The US Army Has Too Many Video Games
But the military version of 'Arma' is really good.
A soldier trains with the Reconfigurable Vehicle Tactical Trainer at Fort Carson, Colorado, March 2015. Photo: US Army
The US Army sees itself in a transitional period. Unlike a decade ago, soldiers are training less today on how to conduct "stability" operations for a counter-insurgency campaign, and more on what the Army does best: fighting other armies.
But training is expensive and requires time and a lot of space. Training a gunner for an M-1 Abrams tank means reserving time on a limited number of ranges and expending real ammunition. So to lower costs and make training more efficient—in theory—the Army has adopted a variety of games to simulate war.
There's just a few problems. Some of the Army's virtual simulators sit collecting dust, and one of them is more expensive and less effective than live training. At one base, soldiers preferred to play mouse-and-keyboard games over a more "realistic" virtual room.
Then again, the Army has cooler games than you do. M-1 tank gunners, for example, can train inside a full-scale, computerized mock-up of their station called the Advanced Gunnery Training System, which comes inside a large transportable container.
Instead of looking through real sights down a range, the soldier squints through a replica and sees a virtual simulacrum of, say, an enemy tank. Push a button and the "cannon" fires.
The Army fields similar systems for the Stryker, a wheeled armored troop transport that fits an optional 105-millimeter gun. Soldiers train inside another simulated gunnery station for the M-2 Bradley fighting vehicle. Another system, Common Driver, simulates a variety of military vehicles.
There are simulators for the infantry, too. In one game called the Engagement Skills Trainer, soldiers lie prone and aim weapons with lasers at a screen that shows different targets, training the troops when to shoot and how to direct their fire. There is another simulator for artillery forward observers.
And there are full-blown video games pretty much like the civilian versions. The Army has one called Virtual Battlespace, which is a suped-up licensed adaptation of Bohemia Interactive's popular Arma series of computer games.
While it would be the understatement of the century to say that Virtual Battlespace and the Arma games are not like real combat, they are widely held as the most realistic tactical military games on the market.
The GAO is pushing the Army to better integrate these simulators into its training regimens. The Army concurs, and sees games as handy tools for making up skills lost in recent wars. In 2015, the Army spent more than $27 million on the virtual training devices.
"The recent focus on counterinsurgency operations has resulted in large numbers of soldiers who have not experienced or trained thoroughly on the tasks required to perform a broader range of military operations," the GAO reported.
And games are useful for training troops on procedures before they go to a live range. Think of it like practicing with a flight simulator before hopping into a real cockpit with an instructor.
But the Army simply has too many games, according to the GAO report, which studied the use of simulators by four Army brigade combat teams.
Take the Dismounted Soldier Training System, which has troops stand on rubber pads with heads-up displays over their faces and sensors attached to their arms and legs. Once hooked up, the soldiers act out various exercises in virtual environments.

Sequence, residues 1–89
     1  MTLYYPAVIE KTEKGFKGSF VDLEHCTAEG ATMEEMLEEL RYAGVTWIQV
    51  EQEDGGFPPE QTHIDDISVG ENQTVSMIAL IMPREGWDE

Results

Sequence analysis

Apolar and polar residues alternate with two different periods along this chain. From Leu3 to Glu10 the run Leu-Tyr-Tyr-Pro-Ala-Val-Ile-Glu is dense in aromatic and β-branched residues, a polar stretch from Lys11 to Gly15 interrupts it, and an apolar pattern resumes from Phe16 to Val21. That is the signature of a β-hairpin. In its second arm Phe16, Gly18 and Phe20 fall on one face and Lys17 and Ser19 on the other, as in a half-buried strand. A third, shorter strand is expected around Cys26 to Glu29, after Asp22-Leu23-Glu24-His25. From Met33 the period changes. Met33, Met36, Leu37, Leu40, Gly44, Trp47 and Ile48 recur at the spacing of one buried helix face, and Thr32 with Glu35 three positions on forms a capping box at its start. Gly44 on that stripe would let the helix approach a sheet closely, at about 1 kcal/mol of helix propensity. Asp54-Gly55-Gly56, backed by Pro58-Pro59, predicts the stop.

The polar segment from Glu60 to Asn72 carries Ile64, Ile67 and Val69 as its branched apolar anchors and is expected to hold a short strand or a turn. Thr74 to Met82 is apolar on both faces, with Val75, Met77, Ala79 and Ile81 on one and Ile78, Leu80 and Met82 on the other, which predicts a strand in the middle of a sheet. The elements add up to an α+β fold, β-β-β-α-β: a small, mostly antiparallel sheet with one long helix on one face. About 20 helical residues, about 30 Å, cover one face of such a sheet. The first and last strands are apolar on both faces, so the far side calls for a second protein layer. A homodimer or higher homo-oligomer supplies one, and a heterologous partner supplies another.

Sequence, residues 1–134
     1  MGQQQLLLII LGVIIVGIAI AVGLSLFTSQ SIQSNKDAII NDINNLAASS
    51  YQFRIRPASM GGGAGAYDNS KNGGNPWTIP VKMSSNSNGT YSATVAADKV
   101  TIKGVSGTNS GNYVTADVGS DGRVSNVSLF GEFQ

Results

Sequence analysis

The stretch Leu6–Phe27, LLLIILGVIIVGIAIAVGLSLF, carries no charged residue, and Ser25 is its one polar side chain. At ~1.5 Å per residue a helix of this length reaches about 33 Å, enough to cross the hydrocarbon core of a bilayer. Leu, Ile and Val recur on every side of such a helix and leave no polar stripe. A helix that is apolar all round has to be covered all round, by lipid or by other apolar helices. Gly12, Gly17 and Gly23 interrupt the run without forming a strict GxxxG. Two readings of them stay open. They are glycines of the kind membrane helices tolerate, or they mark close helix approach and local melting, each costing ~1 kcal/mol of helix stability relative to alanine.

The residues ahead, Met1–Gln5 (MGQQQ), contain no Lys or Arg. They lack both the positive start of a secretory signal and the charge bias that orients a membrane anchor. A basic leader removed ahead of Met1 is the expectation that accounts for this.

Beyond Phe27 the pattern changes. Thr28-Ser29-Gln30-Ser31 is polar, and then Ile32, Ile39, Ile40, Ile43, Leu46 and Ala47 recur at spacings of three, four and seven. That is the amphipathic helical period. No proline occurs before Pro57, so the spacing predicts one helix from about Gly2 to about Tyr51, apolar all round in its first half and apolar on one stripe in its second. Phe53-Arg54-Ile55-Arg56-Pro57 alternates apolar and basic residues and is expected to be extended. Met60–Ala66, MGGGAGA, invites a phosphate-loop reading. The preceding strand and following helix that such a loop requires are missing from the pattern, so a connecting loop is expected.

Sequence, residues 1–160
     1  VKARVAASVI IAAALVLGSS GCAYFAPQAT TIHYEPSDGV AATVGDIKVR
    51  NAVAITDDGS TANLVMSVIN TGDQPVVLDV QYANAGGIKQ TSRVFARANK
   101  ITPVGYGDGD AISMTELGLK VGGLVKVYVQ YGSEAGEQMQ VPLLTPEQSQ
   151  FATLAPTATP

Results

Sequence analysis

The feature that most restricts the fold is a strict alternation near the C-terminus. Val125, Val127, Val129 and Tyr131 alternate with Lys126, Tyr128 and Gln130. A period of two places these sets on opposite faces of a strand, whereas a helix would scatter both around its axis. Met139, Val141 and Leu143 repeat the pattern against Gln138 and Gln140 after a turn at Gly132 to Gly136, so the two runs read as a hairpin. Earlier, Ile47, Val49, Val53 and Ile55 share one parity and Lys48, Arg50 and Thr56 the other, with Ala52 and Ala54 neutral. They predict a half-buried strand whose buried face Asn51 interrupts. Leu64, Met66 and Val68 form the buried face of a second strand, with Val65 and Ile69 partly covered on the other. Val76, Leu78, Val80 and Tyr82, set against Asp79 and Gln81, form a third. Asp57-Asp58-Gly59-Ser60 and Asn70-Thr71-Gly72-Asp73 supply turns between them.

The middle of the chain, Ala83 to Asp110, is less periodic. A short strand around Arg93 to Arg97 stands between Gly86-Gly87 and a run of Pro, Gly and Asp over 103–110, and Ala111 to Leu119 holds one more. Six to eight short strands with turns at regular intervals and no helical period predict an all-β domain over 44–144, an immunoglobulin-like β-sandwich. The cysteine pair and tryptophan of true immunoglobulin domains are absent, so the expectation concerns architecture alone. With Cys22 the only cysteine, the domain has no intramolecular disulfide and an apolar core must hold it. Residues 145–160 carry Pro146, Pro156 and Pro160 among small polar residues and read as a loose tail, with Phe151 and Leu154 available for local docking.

When they move their arms, their virtual copy moves, too.
It's unnecessary to strap soldiers into an immobile vehicle and make them scan a wrap-around screen if they can accomplish the same basic tasks with a mouse and keyboard.
But this simulator has problems with "technical difficulties that degraded training … a limited ability for the Dismounted Soldier Training System to provide collective training above the squad level, and low usage rates across the Army," the GAO stated.
And instead of saving money, the system actually costs more—78 percent more—than a "comparable event in the live environment."
Likewise, other systems have fallen out of favor. For example, why practice driving in a simulator when you can pilot a real vehicle and practice field maintenance? If a vehicle breaks down in hostile territory, soldiers need to know how to fix it fast.
As it turns out, Common Driver "at three installations we visited, is not being used," the GAO reported. "Officials at two installations stated that soldiers who had used it found live training to be more effective." Army units cited the lack of ability to practice maintenance as a major obstacle.
And there is redundancy between simulators.
The Army has a system called the Reconfigurable Vehicle Tactical Trainer, which puts soldiers inside a Humvee with a .50-caliber machine gun surrounded on all sides by a screen, giving a 360-degree view of an environment.
The idea behind the system is to teach soldiers how to operate within a convoy when it comes under an attack. But that can be done with Virtual Battlespace, which also scales better. If you want to bring in the whole platoon, you just need enough desktop computers.
Officials at one military base "stated that they believed the Virtual Battlespace was more effective in accomplishing training," the GAO noted. "As a result, the officials stated that the Reconfigurable Vehicle Tactical Trainer had low usage at that installation."
This is perhaps indicative of too much realism in some of the Army's games. It's unnecessary to strap soldiers into an immobile vehicle and make them scan a wrap-around screen if they can accomplish the same basic tasks with a mouse and keyboard.
So if you're looking for high-fidelity graphics and multiplayer that scales up to the platoon level, you might want to stick with the military version of Arma.